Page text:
The opinion of the court was delivered by: Hochberg, District Judge
Petitioner, Wayne Fisher, is currently being detained by the Department of Homeland Security ("DHS"), Immigration and Customs Enforcement ("ICE") at the Hudson County Correctional Center in Kearny, New Jersey, pending his removal from the United States.*fn1
On or about December 13, 2010, Fisher filed this Petition for Writ of Habeas Corpus under 28 U.S.C. § 2241, in which he challenges his mandatory detention pending removal proceedings as unconstitutional. The petition seeks issuance of an Order to Show Cause, as well as appointment of counsel.
Fisher brings this action against Oscar Aviles, Facility Director at Hudson County Correctional Center; Christopher Shanaham, Acting Field Office Director for Deportation and Removal; John T. Morton, Assistant Secretary of the ICE; Janet Napolitano, Secretary of the DHS and Eric Holder, United States Attorney General, as the named party respondents (hereinafter referred to as "the Government") in this action. (See Petition at Caption, ¶¶ 10-14). For the reasons stated below, this petition for habeas relief is subject to summary dismissal because mandatory detention pending completion of removal proceedings has been held constitutionally permissible. See Demore v. Kim, 538 U.S. 510 (2003).
Fisher is a native and citizen of Jamaica, who came to United States in 2002. (Petition, ¶ 15). He admits that he is being detained pending conclusion of his removal proceedings pursuant to 8 U.S.C. § 1226(c). Fisher states that he is not contesting his removal, that he has been detained under ICE custody since June 3, 2010, and that he has not had an interim custody review hearing. He also alleges, without any factual support, that the Consulate General of Jamaica will not issue travel documents for Fisher in the reasonable and foreseeable future. (Petition, ¶¶ 1, 2, 9, and 15).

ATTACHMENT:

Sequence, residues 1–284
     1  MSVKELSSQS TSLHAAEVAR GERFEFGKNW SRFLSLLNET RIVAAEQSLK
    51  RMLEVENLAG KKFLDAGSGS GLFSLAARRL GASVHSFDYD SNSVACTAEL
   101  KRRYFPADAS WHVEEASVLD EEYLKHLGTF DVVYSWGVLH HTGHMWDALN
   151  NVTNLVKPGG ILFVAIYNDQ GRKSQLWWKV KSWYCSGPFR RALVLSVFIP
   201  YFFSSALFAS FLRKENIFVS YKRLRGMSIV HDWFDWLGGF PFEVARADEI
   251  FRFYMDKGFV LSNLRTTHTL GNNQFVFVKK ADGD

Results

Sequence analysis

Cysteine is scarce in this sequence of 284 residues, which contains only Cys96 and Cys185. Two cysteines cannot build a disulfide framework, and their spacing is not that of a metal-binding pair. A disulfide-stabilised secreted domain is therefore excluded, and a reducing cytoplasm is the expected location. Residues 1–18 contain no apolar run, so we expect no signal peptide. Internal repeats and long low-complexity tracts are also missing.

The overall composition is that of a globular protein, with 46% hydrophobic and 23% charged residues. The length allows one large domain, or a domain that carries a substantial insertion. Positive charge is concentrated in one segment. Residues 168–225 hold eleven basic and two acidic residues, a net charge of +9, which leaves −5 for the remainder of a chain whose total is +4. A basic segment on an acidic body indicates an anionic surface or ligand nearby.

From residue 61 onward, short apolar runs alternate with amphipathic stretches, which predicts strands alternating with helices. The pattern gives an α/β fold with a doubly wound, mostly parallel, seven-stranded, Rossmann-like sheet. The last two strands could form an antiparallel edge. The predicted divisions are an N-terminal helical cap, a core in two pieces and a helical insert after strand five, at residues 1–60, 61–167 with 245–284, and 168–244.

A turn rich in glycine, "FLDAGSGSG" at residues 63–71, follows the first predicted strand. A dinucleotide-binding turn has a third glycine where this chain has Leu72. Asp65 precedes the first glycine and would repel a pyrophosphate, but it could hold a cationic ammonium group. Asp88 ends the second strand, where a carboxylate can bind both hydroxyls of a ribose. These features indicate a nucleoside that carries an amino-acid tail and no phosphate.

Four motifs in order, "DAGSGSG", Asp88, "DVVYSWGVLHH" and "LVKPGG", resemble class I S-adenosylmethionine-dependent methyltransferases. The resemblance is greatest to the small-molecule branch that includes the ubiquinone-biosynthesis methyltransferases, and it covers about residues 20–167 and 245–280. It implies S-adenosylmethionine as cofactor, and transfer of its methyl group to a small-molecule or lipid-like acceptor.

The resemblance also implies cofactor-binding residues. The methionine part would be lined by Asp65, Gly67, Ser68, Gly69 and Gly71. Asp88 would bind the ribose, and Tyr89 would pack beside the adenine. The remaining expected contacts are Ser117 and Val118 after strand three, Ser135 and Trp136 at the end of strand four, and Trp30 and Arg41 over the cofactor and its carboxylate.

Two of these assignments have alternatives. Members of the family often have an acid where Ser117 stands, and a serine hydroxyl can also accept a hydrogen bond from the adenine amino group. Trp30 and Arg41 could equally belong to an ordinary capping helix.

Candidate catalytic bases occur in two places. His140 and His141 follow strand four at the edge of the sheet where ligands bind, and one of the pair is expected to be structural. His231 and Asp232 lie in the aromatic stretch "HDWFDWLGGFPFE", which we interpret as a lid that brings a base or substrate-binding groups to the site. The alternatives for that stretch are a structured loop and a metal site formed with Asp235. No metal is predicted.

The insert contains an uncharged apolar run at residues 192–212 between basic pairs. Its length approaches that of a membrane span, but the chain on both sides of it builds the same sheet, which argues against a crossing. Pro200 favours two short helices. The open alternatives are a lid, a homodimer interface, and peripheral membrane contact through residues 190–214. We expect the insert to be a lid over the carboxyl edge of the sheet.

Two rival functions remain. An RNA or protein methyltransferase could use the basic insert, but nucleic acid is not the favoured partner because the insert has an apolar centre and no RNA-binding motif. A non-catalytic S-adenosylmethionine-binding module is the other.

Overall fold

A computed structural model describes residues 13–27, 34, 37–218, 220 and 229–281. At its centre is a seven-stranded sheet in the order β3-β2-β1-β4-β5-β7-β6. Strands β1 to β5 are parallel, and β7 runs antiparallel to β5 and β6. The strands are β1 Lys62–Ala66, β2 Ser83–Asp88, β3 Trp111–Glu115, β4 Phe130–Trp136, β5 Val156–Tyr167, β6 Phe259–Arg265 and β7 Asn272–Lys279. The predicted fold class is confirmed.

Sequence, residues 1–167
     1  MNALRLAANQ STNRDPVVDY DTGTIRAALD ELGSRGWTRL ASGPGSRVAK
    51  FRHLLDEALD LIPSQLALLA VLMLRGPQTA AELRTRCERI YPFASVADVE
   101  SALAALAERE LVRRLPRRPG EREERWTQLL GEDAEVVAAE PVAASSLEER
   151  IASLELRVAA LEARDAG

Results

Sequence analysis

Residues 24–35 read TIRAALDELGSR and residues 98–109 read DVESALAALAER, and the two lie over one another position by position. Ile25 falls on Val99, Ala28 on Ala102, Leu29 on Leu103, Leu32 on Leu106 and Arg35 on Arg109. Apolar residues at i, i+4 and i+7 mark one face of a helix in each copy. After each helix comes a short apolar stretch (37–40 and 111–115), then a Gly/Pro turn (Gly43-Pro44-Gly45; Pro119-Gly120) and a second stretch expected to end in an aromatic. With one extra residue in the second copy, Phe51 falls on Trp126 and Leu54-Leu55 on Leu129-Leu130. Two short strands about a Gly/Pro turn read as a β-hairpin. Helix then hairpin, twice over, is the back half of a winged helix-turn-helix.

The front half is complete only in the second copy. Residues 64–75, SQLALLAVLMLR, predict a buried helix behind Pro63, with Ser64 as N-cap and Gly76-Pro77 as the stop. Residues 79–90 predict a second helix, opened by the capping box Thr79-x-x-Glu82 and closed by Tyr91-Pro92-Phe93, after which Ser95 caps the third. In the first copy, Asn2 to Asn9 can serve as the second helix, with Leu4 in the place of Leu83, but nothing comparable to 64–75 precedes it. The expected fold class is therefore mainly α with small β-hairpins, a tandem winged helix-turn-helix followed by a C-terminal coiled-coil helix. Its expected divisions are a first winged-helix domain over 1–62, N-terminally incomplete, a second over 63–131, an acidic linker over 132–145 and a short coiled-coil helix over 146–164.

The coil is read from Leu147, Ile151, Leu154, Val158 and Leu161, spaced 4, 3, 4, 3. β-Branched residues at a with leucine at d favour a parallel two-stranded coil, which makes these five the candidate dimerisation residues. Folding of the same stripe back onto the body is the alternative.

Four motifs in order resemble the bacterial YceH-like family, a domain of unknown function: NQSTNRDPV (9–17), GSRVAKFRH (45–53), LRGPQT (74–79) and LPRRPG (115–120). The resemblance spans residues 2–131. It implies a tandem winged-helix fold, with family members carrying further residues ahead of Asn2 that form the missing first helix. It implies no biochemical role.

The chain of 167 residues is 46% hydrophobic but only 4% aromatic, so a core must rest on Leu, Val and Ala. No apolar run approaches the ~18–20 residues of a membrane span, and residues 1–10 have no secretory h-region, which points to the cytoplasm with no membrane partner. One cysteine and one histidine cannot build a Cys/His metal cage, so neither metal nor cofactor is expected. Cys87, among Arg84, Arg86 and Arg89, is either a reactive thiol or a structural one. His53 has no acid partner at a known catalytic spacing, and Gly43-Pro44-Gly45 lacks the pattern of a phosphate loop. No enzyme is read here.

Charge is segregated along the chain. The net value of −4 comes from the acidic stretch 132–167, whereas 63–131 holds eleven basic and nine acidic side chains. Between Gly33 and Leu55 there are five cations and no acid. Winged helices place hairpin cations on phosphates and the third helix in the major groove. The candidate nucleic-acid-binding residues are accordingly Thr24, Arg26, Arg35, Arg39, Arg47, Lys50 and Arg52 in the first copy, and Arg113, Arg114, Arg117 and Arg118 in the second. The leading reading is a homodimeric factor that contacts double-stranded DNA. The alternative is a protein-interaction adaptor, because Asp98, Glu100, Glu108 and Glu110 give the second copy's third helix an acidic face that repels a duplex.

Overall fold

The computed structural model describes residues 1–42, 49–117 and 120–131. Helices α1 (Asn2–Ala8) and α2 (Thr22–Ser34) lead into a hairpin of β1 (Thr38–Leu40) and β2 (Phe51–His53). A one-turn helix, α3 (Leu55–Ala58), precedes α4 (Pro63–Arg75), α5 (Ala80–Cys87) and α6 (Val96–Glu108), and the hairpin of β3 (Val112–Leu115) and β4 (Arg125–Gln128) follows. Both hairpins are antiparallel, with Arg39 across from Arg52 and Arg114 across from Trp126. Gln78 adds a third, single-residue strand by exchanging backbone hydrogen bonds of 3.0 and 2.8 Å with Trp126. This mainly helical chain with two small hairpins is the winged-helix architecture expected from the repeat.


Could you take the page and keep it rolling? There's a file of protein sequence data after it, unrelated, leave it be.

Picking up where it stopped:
Fisher seeks a writ of habeas corpus pursuant to 28 U.S.C. § 2241(c)(3).*fn2 That section states that the writ will not be extended to a prisoner unless "he is in custody in violation of the Constitution or laws or treaties of the United States." 28 U.S.C. § 2241(c)(3). Under 28 U.S.C. § 2243, "[a] court ... entertaining an application for a writ of habeas corpus shall forthwith award the writ or issue an order directing the respondent to show cause why the writ should not be granted, unless it appears from the application that the applicant or person detained is not entitled thereto."
A pro se pleading is held to less stringent standards than more formal pleadings drafted by lawyers. See Estelle v. Gamble, 429 U.S. 97, 106 (1976); Haines v. Kerner, 404 U.S. 519, 520 (1972). A pro se habeas petition and any supporting submissions must be construed liberally and with a measure of tolerance. See Royce v. Hahn, 151 F.3d 116, 118 (3d Cir. 1998); Lewis v. Attorney General, 878 F.2d 714, 721-22 (3d Cir. 1989); United States v. Brierley, 414 F.2d 552, 555 (3d Cir. 1969), cert. denied, 399 U.S. 912 (1970).
B. Jurisdiction to Grant Habeas Relief As stated earlier, Fisher brings this habeas action under 28 U.S.C. § 2241(c)(3), which requires that the petitioner show that "he is in custody in violation of the Constitution or laws or treaties of the United States." 28 U.S.C. § 2241(c)(3). The Court has subject matter jurisdiction over this petition because Fisher is being detained within its jurisdiction at the time he filed his petition, and because Fisher asserts that his continued detention is not statutorily authorized and is constitutionally impermissible because it violates due process under the Fifth Amendment.
C. Relevant Statutory and Case Law Authority Fisher admits that he is being held pursuant to the mandatory detention statute under 8 U.S.C. § 1226(c), or § 236(c) of the INA. This statute provides for the mandatory detention, without bond while removal proceedings are pending, of those aliens who committed certain enumerated categories of criminal and other offenses.
Specifically, Title 8 of the United States Code, Section 1226 states: § 1226. Apprehension and detention of aliens (a) Arrest, detention, and release. On a warrant issued by the Attorney General, an alien may be ... detained pending a decision on whether the alien is to be removed from the United States. Except as provided in subsection (c) and pending such decision, the Attorney General-
(1) may continue to detain the arrested alien; [or] may release the alien on(A) bond of at least $1,500 with security approved by, and containing conditions prescribed by, the ...